Under acidic conditions, CBD can be converted into delta9- tetrahydrocannabinol (THC) and other cannabinoids. Currently, two studies suggest that CBD could be converted into THC. The first used simulated gastric fluid, devoid of pepsin, to reproduce the conditions that CBD would experience when ingested orally. The researchers found that delta-9-THC was present at a conversion rate of 2.Although Merrick cites Watanabe's work to build the case for CBD to THC conversion in the stomach, Merrick's experiment is surprisingly inconsistent with Watanabe's data. In Watanabe's simulated gastric fluid study, 15.less than 3 percent of CBD was actually converted to THC in this experiment, which lasted 20 hours - far longer than CBD stays in the stomach.
However, Merrick's paper proposed that 85% of CBD is broken down in a single hour. In other words, the reaction that occurred in Merrick's study was more than 200 times faster than the reaction in Watanabe's study. Pharmacokinetic research (Huestis 2007) on how THC, CBD and other cannabinoids interact and affect the body claims that CBD can actually decrease the side effects of THC when taken simultaneously. They found that CBD was converted to Δ8-THC and Δ9-THC in simulated gastric fluid, but that the conversion did not occur when CBD was tested in a non-gastric physiological solution. In any case, knowing that CBD converts to THC quite easily in acidic conditions, many people have had the keen concept of buying legal CBD, and then transforming it into mind-altering THC in a DIY lab, Walter White-style.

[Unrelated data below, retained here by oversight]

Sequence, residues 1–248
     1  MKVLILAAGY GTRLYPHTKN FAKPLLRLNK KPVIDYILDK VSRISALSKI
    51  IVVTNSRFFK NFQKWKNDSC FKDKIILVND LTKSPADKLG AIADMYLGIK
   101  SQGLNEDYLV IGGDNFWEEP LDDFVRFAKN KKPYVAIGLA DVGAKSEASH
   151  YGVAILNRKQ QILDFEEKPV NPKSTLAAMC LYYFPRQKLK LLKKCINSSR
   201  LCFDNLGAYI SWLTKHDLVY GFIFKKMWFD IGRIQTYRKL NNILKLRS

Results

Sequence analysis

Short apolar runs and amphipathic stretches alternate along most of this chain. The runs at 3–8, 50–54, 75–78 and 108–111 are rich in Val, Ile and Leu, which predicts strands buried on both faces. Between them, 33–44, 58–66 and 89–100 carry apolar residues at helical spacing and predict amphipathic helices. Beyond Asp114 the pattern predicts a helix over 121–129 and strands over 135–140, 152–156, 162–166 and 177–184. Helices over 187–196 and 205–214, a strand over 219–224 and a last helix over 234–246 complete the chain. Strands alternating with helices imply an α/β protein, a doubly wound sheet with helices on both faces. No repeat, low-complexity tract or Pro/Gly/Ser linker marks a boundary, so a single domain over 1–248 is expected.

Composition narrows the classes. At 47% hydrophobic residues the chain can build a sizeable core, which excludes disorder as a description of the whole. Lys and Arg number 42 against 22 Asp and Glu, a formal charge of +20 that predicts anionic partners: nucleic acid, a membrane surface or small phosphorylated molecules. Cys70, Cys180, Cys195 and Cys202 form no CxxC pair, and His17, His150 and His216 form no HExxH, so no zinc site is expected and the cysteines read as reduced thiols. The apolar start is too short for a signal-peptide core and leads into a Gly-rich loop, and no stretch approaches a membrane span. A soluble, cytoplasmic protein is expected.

You could be forgiven for thinking that the two have similar effects, but they do not, although CBD and THC work together and make the effects of THC less potent. Moreover, available research suggests that even if CBD were converted to THC, the amount of THC would be so minimal that it would have no physiological or behavioural consequences. Fortunately, the World Health Organisation, a global body dedicated to the welfare of mankind, has compiled the relevant information as part of its comprehensive review of CBD. Although the results of both studies appear conclusive, CBD exposed to simulated gastric fluid does not replicate the entire process within the human body. Therefore, broad-spectrum CBD products are less likely to contain THC than full-spectrum CBD products.
Remember that CBD products derived from marijuana, along with full-spectrum CBD products derived from hemp, are more likely to contain THC. The conversion of CBD to THC, previously documented by Gaoni and Mechoulam (1968), did not occur under simulated gastric conditions, but took place in a very unnatural environment with CBD dissolved in sulphuric acid and methanol. We won't go into too much detail here in this essay, but fundamentally, the key distinction between CBD and THC is the fact that CBD does not get you high. However, if CBD is metabolised into THC, as a recent report published in Cannabis and Cannabinoid Research states, the overall safety profile of CBD could be at risk.